Gender stereotypes impact how girls see themselves at a much younger age than we thought
It’s hardly breaking news that gender stereotypes are alive and well, and they often deter women from pursuing careers in fields such as politics, engineering, and science. But disturbing new research shows that gender stereotypes begin to impact girls at a much younger age than we thought. A study published this week in the journal Science found that girls as young as 6 years old view men as inherently smarter and more talented than women.
"As a society, we associate a high level of intellectual ability with males more than females, and our research suggests that this association is picked up by children as young [as] 6 and 7," says Andrei Cimpian, the study's co-author.
At age five, children associate brilliance with their own gender. When boys and girls were told to examine photos of professional women and men and choose who looked “really, really smart,” most girls chose women, while boys selected men.
But, just a year later, the results of the photo experiment were significantly different — by age 6 or 7, girls were “significantly less likely” to choose women.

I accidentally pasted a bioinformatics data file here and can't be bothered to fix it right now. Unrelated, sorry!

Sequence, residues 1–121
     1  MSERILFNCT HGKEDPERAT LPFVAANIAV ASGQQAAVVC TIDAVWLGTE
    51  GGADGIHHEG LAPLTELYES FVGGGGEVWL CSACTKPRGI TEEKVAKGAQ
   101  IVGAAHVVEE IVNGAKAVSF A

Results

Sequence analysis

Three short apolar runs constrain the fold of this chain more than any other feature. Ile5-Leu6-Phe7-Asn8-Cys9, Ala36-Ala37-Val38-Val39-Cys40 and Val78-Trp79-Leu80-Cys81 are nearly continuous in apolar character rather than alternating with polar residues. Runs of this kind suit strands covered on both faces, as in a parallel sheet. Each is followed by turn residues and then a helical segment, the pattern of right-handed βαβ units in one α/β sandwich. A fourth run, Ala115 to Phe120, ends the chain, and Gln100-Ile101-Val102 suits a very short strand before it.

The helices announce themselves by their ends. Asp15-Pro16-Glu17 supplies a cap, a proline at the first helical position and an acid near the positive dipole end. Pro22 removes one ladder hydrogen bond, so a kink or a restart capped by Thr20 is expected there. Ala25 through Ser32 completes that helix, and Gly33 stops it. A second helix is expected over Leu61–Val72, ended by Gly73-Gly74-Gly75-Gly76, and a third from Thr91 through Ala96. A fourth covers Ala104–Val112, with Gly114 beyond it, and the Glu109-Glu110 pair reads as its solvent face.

The second part of the study introduced participants to two board games, one described as a game “for children who are really, really smart,” and other “for children who try really, really hard.” At age 5, both boys and girls opted for the “smart” game — but by age 6 or 7, girls selected the other option.
The study’s results are extremely telling. Girls spend their school years believing they’re less gifted than their male peers, so it’s no surprise that they’re hesitant to pursue demanding college majors and career paths.
"These stereotypes discourage women's pursuit of many prestigious careers; that is, women are underrepresented in fields whose members cherish brilliance," the study's authors reported.
Although it’s impossible to pinpoint exactly where these stereotypes come from, parents, teachers, peers, and the media likely play a strong role. Psychology professor Rebecca S. Bigler has also suggested that elementary school curriculums may play a role — students are exposed to history’s most influential scientists, composers, explorers, and leaders, so it’s key to emphasize that laws once prevented women from working in these fields.
One thing is abundantly clear — we need to actively combat these stereotypes in order to eventually see women well-represented in professional fields that are currently male-dominated.